On Saturday, South African’s switched off their lights for one hour to participate in a global awareness campaign, Earth Hour.
South African state-owned power utility, Eskom, recorded that through this initiative, the country ‘saved’ 420MW, enough to power a city the size of Polokwane or Port Elizabeth for an hour.
As part of its support for the Earth Hour campaign, Eskom measured the reduction in electricity used during the hour against typical consumption for this time on an average Saturday evening.
Eskom would like to encourage people to take action on climate change beyond this one hour and to make environmental conservation part of their daily lifestyles. Read more…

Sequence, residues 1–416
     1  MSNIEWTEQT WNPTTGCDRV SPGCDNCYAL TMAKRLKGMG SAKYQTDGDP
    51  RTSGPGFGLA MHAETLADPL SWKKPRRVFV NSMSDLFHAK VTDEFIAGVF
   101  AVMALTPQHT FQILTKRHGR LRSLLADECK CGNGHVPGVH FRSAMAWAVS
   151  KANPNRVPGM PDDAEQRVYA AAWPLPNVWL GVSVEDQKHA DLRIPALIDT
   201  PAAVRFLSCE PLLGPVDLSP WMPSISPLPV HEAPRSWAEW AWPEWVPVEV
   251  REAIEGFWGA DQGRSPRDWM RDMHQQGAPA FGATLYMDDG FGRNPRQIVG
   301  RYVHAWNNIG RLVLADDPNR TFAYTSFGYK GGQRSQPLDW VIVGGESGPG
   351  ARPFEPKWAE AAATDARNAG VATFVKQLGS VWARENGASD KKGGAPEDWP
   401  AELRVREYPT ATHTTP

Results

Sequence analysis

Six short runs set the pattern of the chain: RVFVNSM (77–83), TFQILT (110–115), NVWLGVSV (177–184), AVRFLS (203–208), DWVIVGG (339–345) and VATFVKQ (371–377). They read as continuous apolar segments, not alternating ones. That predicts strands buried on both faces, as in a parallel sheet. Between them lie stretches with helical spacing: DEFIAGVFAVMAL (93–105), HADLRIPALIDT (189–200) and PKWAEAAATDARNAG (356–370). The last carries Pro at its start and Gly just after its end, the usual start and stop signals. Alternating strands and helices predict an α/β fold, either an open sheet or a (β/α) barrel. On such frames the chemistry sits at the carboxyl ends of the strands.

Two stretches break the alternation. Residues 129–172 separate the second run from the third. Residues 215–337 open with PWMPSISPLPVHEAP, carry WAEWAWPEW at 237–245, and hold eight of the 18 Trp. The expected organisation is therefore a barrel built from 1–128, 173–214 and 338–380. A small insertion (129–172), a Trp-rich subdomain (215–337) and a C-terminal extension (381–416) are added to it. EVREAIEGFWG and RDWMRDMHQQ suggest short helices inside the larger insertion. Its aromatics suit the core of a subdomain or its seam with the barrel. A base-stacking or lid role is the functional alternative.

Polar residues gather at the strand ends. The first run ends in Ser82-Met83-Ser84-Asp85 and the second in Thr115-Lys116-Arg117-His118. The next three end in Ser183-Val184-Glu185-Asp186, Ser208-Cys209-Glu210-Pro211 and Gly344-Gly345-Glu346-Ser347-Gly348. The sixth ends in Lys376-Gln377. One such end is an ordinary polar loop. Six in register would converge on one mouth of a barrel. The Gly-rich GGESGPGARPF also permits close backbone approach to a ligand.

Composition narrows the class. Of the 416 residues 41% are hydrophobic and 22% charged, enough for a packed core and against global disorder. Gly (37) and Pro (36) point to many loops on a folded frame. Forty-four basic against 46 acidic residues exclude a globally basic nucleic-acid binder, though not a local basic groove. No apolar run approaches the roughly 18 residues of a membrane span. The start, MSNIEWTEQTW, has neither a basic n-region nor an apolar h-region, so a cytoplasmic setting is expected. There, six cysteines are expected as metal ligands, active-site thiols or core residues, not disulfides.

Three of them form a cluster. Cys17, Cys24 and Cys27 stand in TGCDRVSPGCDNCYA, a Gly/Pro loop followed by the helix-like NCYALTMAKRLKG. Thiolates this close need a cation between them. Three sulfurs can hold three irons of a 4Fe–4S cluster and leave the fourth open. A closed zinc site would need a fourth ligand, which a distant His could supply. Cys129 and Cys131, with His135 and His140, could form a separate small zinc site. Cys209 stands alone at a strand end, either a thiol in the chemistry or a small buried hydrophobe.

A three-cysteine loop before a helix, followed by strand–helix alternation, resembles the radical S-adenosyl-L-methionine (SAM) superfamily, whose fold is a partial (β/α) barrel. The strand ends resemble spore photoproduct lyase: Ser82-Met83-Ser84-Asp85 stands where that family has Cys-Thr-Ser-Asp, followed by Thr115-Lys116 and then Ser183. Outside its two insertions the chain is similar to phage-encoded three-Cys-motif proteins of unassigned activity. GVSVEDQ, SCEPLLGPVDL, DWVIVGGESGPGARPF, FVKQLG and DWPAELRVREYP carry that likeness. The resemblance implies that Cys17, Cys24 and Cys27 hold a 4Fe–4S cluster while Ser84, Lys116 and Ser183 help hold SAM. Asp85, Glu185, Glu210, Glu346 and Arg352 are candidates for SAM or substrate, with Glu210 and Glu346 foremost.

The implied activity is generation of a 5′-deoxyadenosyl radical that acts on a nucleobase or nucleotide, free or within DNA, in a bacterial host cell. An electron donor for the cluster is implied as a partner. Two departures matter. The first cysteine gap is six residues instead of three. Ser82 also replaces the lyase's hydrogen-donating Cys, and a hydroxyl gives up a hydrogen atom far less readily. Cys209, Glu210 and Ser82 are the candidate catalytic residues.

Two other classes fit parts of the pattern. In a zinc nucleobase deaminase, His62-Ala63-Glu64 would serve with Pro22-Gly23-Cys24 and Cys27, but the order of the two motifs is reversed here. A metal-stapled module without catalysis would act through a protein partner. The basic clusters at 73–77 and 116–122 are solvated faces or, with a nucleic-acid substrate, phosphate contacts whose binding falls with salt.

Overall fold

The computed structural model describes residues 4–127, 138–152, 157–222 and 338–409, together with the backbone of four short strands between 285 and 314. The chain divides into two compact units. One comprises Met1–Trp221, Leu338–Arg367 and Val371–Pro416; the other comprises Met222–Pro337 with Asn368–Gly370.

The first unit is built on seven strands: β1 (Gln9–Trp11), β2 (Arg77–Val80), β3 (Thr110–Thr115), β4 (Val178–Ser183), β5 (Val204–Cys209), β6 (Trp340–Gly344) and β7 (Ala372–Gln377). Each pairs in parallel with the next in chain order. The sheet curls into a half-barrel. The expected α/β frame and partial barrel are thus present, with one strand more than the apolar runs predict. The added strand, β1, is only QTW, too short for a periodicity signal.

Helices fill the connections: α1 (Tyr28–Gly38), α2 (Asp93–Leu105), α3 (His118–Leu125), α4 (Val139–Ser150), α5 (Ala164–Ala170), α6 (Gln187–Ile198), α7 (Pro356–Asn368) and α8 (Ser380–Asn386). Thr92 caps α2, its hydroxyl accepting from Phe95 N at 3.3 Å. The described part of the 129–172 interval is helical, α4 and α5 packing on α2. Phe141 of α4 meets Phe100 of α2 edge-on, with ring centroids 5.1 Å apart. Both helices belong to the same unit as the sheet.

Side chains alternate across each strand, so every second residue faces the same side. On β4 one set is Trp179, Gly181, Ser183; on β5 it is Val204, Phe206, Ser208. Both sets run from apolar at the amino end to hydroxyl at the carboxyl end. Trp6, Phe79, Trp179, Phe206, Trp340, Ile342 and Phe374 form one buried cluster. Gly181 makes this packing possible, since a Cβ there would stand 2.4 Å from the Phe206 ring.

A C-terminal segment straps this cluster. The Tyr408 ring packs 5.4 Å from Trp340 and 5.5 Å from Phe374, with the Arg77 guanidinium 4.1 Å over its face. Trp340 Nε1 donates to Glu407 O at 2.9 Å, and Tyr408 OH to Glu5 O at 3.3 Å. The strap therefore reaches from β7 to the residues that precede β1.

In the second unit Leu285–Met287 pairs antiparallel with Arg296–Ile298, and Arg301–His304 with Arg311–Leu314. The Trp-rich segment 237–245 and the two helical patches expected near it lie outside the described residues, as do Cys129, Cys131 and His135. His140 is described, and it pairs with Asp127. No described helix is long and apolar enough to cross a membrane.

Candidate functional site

In 2016, the country saved 575MW, slightly higher than this year. At the time, Siddarth Das, executive director of Earth Hour Global, said in a statement: “Earth Hour reminds us that while people are on the frontlines of climate change, they are also our first-line of defence.”
What is Earth Hour?
Earth Hour, which started in Sydney, Australia, in 2007, is organised by the World Wide Fund (WWF) as a lights-off event to raise awareness about climate change.
Currently, more than 162 countries and territories worldwide are part of this initiative, which engages a massive mainstream community on a broad range of environmental issues.
People are encouraged to switch off lights and unused appliances for an hour as a symbolic demonstration of their commitment to action against climate change.